Second, what is meant by leadership? Isn’t it providing money for research and early-stage development, as well as tax incentives for specific behaviors that leads to new technologies? Poor countries can lead in a moral sense, but they don’t have the money to research solar panels or to provide tax incentives for installation of these. Germany led on that issue, by providing tax incentives for everyone to install solar panels. China led by subsidizing its solar industry, driving down prices of panels. The US has lagged, providing some incentives, but employing an “all of the above” approach that included such phantasms as clean coal..

      But the leadership by China is an example of mis-leadership. China subsidized these companies in an attempt to destroy foreign competitors and seize the market. In the short term, it promoted solar panel installation, but in the long-term, it shut down promising alternative technologies.

      • richmx2 said

        If anything hegemony has meant a worsening world situation. Would the Chinese have felt the need for massive industrialization if they weren’t in “competition” with a huge energy hog like the U.S.? You somewhat bolster my point when you point to the Germans… a country that had to forego its hegemonic dreams quite some time ago. Sure money helps, but the Chinese “competition” with the U.S. just shows that major powers aren’t necessarily leaders… and there’s no reason to presume that high dollar technical research is the only answer. Small steps… and important ones… come from surprising places. Take Mexico City’s answer to smog… taking cars off the street one day a week. Nothing that required massive R/D, and something that has proved effective in one locality, and could be easily replicated in any urban community. Less intrusive agricultural practices depend less on R/D than just talking to farmers. And so on…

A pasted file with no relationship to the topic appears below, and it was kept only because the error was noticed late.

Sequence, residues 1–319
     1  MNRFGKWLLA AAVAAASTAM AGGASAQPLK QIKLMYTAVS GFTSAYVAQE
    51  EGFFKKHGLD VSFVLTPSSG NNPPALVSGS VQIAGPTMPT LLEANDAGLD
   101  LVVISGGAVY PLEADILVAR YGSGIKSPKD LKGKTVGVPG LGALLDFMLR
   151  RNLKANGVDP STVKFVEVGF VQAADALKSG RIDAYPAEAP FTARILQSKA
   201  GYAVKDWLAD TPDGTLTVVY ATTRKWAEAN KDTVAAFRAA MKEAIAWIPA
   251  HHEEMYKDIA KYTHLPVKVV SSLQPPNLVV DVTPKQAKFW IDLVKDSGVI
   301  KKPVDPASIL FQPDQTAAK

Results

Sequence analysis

• Charles II said

        Rich says, “Would the Chinese have felt the need for massive industrialization if they weren’t in “competition” with a huge energy hog like the U.S.?”

        It’s impossible to argue counterfactuals, i.e., if a nation were on a separate planet, would it decide to live in Edenic simplicity rather than industrialize? But I would say that China could not sustain the population it has without industrialization. Just growing food for that many requires farm equipment, hydro projects, and transportation systems.

        Rich says, “there’s no reason to presume that high dollar technical research is the only answer. Small steps… and important ones… come from surprising places [such as taking cars off the streets one day a week in Mexico City].”

        That’s true. Necessity is the mother of invention, and a lot of the best answers to problems involve low-tech solutions. But high tech has its role as well. And that is not going to come from poor nations.